Removed councillor Jim Karygiannis not entitled to severance

by on 16 November 2019

Former city councillor Jim Karygiannis — removed from office over election expense violations — will not be entitled to severance, city officials confirmed Thursday.

According to Chapter 223 of the Toronto Municipal Code, the politician is not eligible for a cash kissoff because his seat became vacant “by reason of the operation of any Act of … the legislature of the province of Ontario.”

Late Wednesday, city clerk Ulli Watkiss issued a statement indicating the Scarborough-Agincourt councillor had exceeded the prescribed expense limit for “parties and other expressions of appreciation” by $25,962.70 in the 2018 municipal election and the Act does not give the city clerk any choice but to declare the seat vacant.

Karygiannis is also disqualified from being elected or appointed to any office until after the next election.

According to the formula set out in the Municipal Elections Act, Karygiannis was permitted to spend $61,207.95, of which only 10% of that, or $6,128, could be used for parties and thank-you events.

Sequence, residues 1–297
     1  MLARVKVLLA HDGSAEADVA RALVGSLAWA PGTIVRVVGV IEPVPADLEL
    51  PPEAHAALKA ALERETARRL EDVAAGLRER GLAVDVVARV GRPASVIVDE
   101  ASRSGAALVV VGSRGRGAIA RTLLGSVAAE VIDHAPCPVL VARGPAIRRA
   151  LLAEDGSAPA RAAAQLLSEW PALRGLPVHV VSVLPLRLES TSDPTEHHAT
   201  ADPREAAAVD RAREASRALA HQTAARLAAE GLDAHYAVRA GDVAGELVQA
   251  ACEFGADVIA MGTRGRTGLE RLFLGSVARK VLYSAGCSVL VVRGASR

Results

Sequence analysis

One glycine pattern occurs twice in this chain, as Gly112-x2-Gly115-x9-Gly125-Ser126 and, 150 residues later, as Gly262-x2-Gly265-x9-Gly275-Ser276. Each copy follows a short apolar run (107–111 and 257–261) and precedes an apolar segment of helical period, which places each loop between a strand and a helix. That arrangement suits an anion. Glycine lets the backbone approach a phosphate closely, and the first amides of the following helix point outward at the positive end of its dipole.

But his own audited statement indicated the long-time Liberal — who was in a tight race against Norm Kelly — spent $32,083.00 on thank-you parties.

The questionable expenses, first revealed by the Toronto Sun in May, showed that he raised $320,000 from donors and fundraising events and spent $219,000 — declaring $147,645 of that as not subject to the spending limit.

The largest expenditure was $81,000 in honoraria for assorted Liberal friends and staff.

Karygiannis — who has been fighting two orders since July to have his expenses subjected to a compliance audit — remained steadfast Thursday that this is simply about a “clerical error” done while completing the Supplementary Financial statement.

“I look forward to continuing my work as City of Toronto councillor for Ward 22 and serving the people of Scarborough-Agincourt,” he reiterated. 

The compliance audits had been put on hold when he appealed the ruling to the Ontario Superior Court on constitutional grounds. A court date was set for next February.

Watkiss said Karygiannis is disqualified from being elected or appointed to any office until after the next election.

Had his seat not been found vacant and Karygiannis had just resigned, for example, he would have been eligible for nearly $50,000 in severance based on a yearly salary of $117,163.

Sue-Ann Levy –